MWC will be an in-person event, despite Covid-19 concerns
Prompting fears of a CES 2020-style superspreader eventBy Rob Thubron 27 comments
A hot potato: Mobile World Congress (MWC), the world's largest mobile trade show, takes place in Barcelona this June, and it will be an in-person event. Organizer GSM Association says there will be several Covid-19 protections in place, but that hasn't alleviated concerns that having 50,000 attendees from around the world in the same place will lead to a superspreader incident.
MWC was one of the first major events to be canceled due to the coronavirus last February. GSMA had fought long and hard to keep the conference going, but with LG, Ericsson, Nvidia, Sony, Amazon, Intel, Vivo, and many other companies pulling out, it was left with little choice.
This year's MWC, which is being held in June instead of the usual February date, will be an in-person event---assuming GSMA gets its way. CEO John Hoffman told Mobile World Live that holding these shows "gives people a bit of hope, says let's move away from the effects of Covid-19 and return to something normal."
Hoffman cites MWC Shanghai as an example to follow for the Barcelona-based event. The Chinese version, taking place next week, will see 20,000 people in attendance, down from the 60,000 it attracted in 2019.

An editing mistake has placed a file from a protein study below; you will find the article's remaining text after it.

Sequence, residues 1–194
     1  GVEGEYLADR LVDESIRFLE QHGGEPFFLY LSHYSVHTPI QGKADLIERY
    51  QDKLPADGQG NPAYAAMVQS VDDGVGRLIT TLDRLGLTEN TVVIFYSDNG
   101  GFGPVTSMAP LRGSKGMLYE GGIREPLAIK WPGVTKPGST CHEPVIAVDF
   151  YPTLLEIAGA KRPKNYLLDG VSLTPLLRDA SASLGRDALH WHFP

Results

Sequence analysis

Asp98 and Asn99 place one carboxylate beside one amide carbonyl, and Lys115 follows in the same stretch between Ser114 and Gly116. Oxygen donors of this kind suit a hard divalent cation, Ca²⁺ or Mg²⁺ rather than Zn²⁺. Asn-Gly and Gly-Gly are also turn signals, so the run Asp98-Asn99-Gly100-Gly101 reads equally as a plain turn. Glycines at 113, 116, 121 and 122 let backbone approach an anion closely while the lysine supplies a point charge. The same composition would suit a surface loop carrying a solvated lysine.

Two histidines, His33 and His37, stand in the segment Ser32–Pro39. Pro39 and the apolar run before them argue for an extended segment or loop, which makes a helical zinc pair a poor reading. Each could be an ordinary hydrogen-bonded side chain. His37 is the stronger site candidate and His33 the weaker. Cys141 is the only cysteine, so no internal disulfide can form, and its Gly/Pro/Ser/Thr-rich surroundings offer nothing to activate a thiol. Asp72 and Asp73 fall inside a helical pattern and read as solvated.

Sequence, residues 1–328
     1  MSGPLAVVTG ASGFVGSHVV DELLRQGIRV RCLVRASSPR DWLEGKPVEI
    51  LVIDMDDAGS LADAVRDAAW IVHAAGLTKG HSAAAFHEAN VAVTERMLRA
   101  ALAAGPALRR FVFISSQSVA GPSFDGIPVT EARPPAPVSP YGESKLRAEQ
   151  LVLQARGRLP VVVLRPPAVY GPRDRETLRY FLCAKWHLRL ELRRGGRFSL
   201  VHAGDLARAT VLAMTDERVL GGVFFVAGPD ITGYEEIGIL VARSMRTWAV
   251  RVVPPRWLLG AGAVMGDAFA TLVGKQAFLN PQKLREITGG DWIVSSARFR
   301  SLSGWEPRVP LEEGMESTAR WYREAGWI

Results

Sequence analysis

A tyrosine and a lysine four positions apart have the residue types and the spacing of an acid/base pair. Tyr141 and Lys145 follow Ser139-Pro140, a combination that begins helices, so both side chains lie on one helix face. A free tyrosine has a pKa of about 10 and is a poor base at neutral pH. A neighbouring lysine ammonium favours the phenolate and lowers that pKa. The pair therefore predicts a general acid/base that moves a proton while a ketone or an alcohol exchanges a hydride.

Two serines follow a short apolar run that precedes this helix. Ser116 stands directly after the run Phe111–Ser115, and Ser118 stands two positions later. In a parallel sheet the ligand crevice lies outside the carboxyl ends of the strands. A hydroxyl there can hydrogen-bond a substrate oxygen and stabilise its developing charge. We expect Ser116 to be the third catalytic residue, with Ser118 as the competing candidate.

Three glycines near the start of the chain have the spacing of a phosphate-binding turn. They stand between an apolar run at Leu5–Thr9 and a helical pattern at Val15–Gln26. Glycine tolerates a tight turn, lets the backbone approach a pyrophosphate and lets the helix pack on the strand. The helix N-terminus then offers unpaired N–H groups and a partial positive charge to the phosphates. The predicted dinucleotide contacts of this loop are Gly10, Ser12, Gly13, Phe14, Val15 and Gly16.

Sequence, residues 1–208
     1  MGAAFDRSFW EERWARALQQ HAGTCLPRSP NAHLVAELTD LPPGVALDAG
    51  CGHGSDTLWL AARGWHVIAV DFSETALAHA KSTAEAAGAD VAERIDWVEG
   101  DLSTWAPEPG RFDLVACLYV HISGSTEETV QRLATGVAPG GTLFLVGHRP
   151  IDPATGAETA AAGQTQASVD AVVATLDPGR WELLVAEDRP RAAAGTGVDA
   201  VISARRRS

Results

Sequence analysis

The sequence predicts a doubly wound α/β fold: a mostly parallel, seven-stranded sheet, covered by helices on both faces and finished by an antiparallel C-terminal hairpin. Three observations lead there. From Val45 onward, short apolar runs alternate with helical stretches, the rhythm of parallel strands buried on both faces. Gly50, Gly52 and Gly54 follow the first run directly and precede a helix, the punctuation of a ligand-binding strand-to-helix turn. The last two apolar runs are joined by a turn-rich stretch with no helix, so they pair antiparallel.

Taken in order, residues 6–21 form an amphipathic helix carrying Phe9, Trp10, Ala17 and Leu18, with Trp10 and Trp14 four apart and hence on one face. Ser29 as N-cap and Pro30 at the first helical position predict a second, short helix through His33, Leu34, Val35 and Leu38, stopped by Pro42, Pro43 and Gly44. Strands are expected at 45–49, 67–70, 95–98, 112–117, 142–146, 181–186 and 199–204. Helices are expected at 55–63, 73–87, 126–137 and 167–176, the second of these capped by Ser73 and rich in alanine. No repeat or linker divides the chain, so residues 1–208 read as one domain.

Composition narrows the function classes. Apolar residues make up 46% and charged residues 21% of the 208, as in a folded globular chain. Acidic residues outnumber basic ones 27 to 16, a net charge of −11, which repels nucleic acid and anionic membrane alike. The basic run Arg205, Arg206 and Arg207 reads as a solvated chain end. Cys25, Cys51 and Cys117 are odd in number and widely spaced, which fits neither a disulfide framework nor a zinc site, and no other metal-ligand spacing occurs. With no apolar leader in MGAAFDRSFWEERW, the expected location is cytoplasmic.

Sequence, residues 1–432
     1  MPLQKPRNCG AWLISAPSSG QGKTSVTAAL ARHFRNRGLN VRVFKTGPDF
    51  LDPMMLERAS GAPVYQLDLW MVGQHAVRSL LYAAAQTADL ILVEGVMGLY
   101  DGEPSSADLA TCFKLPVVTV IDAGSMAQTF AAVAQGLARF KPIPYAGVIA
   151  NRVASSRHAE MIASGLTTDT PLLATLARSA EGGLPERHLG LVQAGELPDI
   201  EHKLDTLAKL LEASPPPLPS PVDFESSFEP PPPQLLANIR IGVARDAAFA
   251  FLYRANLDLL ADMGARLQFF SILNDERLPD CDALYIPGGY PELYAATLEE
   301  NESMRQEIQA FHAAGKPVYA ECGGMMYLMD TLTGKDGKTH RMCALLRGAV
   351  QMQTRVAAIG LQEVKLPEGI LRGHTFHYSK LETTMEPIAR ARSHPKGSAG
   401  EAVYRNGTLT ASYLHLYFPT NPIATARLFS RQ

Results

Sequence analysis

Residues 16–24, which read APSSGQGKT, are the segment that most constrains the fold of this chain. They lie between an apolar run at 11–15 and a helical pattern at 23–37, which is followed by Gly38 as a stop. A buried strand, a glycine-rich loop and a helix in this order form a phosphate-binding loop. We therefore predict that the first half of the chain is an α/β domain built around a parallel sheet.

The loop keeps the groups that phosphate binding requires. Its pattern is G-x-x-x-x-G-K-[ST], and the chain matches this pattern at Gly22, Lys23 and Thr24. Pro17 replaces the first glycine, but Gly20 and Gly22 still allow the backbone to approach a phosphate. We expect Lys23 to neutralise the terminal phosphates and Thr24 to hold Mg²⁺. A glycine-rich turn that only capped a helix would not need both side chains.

Around 50,000 people are expected to attend MWC Barcelona, half the normal 100,000 visitors. There will be several Covid security measures in place, including social distancing, mandatory mask-wearing, regular disinfecting, and touchless registration/information points, among others. GSMA is also asking everyone attending to have a negative Covid-19 test within 72 hours of their arrival, and testing will be available at the venue.
China has Covid-19 mostly under control, having rolled out vaccinations and testing at pace. Its daily cases are rarely above 30, while Spain, where vaccinations are progressing slowly, has a seven-day average of almost 7,000 cases.
Should GSMA get its wish and an in-person event does take place, there are fears it could cause a surge in cases much like CES 2020 led to an infection spike in Las Vegas.